Wednesday, July 4, 2018


Individuals with malformations of structures of the anterior segment of the eye frequently develop elevated intraocular pressure and glaucoma. This post takes a brief figurative look at some of these conditions which lead to developmental glaucomas.

1. POSTERIOR EMBRYOTOXON: Characterized by anterior displacement of Schwalbe's Line. 

2. AXENFELD ANOMALY: Characterized by posterior embryotoxon and peripheral iris strands.

3. RIEGER ANOMALY: Characterized by iris hypoplasia, correctopia and polycoria.

When Rieger anomaly is associated with systemic features such as: dental and facial defects e.g. maxillary hypoplasia; umblical abnormalities and pituitary involvement, it is called RIEGER SYNDROME
Association of Axenfeld anomaly and Rieger anomaly together is known as: AXENFELD-RIEGER SYNDROME.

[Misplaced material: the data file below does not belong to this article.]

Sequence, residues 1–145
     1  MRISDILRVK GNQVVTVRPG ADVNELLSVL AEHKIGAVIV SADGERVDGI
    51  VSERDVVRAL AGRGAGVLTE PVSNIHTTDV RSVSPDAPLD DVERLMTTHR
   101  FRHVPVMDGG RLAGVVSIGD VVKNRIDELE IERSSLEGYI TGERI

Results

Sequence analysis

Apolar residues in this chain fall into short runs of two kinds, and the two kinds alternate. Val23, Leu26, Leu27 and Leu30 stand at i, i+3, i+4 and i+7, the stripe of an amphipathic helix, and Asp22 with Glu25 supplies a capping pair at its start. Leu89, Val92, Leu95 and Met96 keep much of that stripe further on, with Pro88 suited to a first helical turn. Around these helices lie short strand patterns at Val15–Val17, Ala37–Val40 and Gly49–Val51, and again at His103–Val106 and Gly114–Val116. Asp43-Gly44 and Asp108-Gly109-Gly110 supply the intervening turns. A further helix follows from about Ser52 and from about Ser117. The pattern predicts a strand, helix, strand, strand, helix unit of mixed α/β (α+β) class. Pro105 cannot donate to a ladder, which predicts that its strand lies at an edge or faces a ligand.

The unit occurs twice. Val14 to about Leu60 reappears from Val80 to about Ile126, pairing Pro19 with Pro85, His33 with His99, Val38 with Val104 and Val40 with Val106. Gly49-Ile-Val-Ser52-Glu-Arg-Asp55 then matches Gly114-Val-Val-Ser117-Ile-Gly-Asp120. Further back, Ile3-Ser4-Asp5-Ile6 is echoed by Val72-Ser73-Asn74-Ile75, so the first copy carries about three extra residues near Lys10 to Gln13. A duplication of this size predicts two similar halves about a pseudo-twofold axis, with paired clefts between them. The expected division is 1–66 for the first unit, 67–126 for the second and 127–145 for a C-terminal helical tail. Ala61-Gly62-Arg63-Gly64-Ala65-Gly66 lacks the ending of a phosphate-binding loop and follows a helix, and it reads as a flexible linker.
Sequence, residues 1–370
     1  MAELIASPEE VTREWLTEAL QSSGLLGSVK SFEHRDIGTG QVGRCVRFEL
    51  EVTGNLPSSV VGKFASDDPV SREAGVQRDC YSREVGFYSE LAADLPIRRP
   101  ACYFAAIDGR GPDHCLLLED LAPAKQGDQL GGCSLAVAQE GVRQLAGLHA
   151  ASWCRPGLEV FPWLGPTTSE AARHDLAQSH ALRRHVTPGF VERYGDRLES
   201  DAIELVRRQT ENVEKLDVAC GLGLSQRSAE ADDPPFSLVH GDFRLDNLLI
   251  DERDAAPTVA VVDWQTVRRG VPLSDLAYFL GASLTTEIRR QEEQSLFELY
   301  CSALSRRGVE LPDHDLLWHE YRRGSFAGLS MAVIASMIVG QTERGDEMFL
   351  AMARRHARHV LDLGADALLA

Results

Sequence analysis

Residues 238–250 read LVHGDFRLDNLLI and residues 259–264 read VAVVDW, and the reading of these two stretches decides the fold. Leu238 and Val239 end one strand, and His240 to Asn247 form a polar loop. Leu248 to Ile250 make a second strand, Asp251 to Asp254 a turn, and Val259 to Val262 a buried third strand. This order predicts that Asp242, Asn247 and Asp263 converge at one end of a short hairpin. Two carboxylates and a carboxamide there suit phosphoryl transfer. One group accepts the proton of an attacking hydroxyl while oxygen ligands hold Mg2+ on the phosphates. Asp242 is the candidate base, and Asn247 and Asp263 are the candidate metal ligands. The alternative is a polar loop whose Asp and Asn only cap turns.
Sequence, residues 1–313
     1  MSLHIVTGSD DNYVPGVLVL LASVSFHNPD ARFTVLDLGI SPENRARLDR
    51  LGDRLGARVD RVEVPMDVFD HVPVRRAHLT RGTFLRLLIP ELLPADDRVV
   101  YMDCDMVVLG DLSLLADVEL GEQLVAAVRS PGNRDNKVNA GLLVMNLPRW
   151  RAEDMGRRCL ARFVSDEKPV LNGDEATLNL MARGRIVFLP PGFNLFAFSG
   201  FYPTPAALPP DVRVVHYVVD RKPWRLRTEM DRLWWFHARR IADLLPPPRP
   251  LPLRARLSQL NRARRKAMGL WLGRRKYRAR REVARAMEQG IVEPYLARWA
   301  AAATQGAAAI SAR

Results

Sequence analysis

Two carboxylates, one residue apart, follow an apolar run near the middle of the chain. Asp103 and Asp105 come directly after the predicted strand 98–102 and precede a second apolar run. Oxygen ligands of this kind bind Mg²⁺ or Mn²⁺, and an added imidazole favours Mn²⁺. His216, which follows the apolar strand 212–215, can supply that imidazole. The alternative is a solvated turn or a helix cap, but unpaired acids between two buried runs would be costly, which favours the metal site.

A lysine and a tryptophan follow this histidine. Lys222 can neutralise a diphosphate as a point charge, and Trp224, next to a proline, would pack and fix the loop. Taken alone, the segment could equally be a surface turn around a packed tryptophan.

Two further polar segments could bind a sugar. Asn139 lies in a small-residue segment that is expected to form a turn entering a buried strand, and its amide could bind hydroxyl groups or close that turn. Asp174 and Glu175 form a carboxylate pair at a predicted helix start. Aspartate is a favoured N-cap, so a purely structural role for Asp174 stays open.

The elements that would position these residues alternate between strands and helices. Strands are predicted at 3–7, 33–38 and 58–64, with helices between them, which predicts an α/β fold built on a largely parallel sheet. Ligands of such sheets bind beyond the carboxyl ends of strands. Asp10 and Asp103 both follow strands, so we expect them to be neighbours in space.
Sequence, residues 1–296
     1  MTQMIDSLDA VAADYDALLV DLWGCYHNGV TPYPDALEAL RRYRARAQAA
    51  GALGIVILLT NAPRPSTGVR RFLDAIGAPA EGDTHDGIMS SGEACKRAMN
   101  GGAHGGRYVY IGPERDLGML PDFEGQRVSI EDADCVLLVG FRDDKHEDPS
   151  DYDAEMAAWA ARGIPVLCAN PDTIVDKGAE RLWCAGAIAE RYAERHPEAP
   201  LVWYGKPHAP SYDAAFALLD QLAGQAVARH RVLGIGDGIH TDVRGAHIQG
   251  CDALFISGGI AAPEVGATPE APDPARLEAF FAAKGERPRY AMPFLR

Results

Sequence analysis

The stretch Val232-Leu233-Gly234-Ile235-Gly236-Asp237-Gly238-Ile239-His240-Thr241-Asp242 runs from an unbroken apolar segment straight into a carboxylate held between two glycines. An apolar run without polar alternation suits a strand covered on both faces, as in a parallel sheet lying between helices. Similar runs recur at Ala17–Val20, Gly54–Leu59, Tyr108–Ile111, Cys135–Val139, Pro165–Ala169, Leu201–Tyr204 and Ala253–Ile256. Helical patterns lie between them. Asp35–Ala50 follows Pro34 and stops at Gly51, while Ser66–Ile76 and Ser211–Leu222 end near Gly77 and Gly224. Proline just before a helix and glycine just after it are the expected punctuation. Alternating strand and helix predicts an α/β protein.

4. PETER SYNDROME: Characterized by central or paracentral corneal opacity, absent Descemet's membrane and endothelial layers. There are also iridocorneal adhesions from the border of the central corneal opacity. Peter's anomaly is of 2 types. Type 1 is unilateral, while Type 2 is bilateral in about 60% cases with lens adherent to the posterior surface of the cornea due to lack of separation between the 2 layers. Type 2 is also associated with systemic features such as: short stature, mental retardation, abnormal ears, cleft lip and/or palate, defects of extremities, genitourinary system defects, cardiovascular anomalies, and gastrointestinal defects.